This isn’t an easy or surface level topic. It’s very serious and runs deep into the fabric of relationships in retirement. The fact that married men struggle with this transition is a something that plays out time and time again and needs to be addressed in a more serious manner… and it needs to start now.
To begin, the first hurdle has to do with pre-retirement training. Men are not adequately prepared for everyday life in retirement, so when they get there, they have no idea what they are doing. For example, I coach my son’s little league baseball team which is comprised of 3rd and 4th graders. Some kids show up skilled in every facet, while some can catch and throw well but struggle at the plate or vice versa. And a few show up with awkward throwing motions and no experience hitting a hardball at all.
Obviously, the first few weeks of practice we focus on skill building, guiding the kids into the correct positions and mechanics. The beautiful thing is that all of the kids are eager to learn and be a part of the team. It’s a true joy to see them work hard, make progress, and celebrate after a win. The same isn’t always true with grown men and the game of retirement.
Many show up with the right amount of money, but few other essential skills. Furthermore, there is no coach to guide them or team to be a part of. That puts many married men at a serious disadvantage, which can become an even bigger problem when these skill deficiencies are called into question by their spouse. Let me explain.
Many men get to retirement assuming things are going to be a certain way. But they haven’t necessarily shared all of those things with their spouse, let alone, asked them what their vision may be. This is a huge problem and one of the main reasons couples argue in retirement. They thought things would be one way, and when they aren’t, they start looking for people to blame, and that never turns out well.
Along those lines, married men, if you are reading this, it is imperative to your marriage that you understand your spouse does not want to live your retirement. This is a “we” thing, not a “you” thing.
Yes, you’ve worked hard and sacrificed a lot to get here, but you didn’t do it solo and 10 times out of 10, married men are only as good as the spouse they have beside them. If you can’t grasp this “we” concept, the chances of you becoming a gray divorce statistic dramatically increases… but I don’t want to let that happen to you which is why I am writing this and sharing important insights into how you can take a different path.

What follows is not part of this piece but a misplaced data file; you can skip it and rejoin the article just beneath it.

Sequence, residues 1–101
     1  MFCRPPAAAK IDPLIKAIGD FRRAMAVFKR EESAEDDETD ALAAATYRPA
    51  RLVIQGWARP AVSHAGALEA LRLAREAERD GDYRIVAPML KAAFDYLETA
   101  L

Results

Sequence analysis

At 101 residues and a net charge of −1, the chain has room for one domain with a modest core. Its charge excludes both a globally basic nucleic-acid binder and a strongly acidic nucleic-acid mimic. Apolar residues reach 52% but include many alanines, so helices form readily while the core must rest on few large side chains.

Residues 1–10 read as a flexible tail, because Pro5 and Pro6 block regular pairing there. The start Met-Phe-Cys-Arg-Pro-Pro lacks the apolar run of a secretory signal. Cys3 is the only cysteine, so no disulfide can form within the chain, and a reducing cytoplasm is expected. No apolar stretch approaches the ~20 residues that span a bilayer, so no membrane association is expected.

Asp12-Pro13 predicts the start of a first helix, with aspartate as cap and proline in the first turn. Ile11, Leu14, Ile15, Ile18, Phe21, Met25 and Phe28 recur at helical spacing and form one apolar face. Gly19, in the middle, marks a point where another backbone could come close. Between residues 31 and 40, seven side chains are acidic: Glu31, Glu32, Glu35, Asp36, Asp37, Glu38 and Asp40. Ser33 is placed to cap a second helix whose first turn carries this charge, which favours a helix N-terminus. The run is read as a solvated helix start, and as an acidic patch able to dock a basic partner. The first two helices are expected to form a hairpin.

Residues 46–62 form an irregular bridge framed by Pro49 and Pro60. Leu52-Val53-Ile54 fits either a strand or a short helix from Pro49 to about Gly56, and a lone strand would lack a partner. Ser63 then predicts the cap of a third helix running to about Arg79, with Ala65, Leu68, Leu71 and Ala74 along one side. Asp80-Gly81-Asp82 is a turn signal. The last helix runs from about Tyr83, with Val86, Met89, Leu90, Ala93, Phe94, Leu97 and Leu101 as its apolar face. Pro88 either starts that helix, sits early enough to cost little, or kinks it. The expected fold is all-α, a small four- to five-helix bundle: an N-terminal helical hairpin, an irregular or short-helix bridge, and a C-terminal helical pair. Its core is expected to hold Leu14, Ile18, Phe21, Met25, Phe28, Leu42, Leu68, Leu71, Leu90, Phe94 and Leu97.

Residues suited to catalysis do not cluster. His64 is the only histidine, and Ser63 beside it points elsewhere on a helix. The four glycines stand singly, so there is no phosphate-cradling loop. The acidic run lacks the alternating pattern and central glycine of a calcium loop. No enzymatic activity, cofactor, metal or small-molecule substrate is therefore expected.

Another issue is that financial service professionals and HR departments are contributing to the problems both married men and couples face because they’re still telling everyone if you just enroll in the retirement plan and come to our annual meeting about your investment options, life will be good when you get to the finish line. That’s like telling an expecting couple, “Parenting is great, you’re going to love every minute of it.”
It’s actually ridiculous and both the financial services industry and Corporate America need to wake up to the fact that retirement takes work! People need new skills and training in order to flourish in it, and if we don’t help people before they get there, it makes it that much harder for them to adapt and adjust later on.
Let’s face it, most men in or near retirement have worked their tails off to get there and aren’t exactly sitting with open arms waiting for someone else to craft their ideal life in retirement for them. Truth be told, many married men enter retirement with very vague ideas and assumptions about it, which often come crashing down after just a few months.
Then, when someone questions their long-held beliefs and actions in the early phases of retirement, guys don’t usually just throw their hands up and ask for help. In fact, most curl up and fight it. They find ways to rationalize their behavior and justify it by doing more of it.
Picture the traditional husband and wife: Bill and Alice. He worked 35 years as a manager for a big company, while she gave up her career when they had kids to stay home and raise the family. All of a sudden, it’s retirement time, and the first few months are great. But then the honeymoon is over.
Bill’s not leaving the house much and hasn’t really done anything on his own with co-workers or friends since he left the company. Moreover, he expects Alice to wait on him hand and foot, and always finds a way to tag along with her when she tries to escape to the grocery store or meet a friend for lunch.
Alice has politely, and lately not so politely, tried to encourage and prompt him to do and be more, but it’s not working, and she is going absolutely crazy. She is desperate to break through to Bill. She wants some space and time for the things that are important to her and doesn’t want to talk about politics or sports. She nudges Bill to call “So-and-so… do this… or try that.” But it goes in one ear and out the other. Nothing is changing, and she feels helpless.
As a result, it’s a fight every time Alice wants to do something on her own or that’s out of Bill’s very small comfort zone. Even worse, Bill is starting to get defensive when she makes suggestions and has started using his control over their life savings as the tool to justify him doing nothing and why Alice should too.
This ideal time of life that they planned so long and hard for is now a daily struggle. The fundamentals have broken down and now the couple is throwing insults and sarcastic remarks, so they are both striking out. No one is winning at the game.
Fortunately, there are some useful things married men and their spouses can do (along with financial professionals and Corporate America) to ensure that married couples transition well together into retirement. Join me tomorrow for my next piece: Helping Married Men Break Free From The Retirement Brainwash.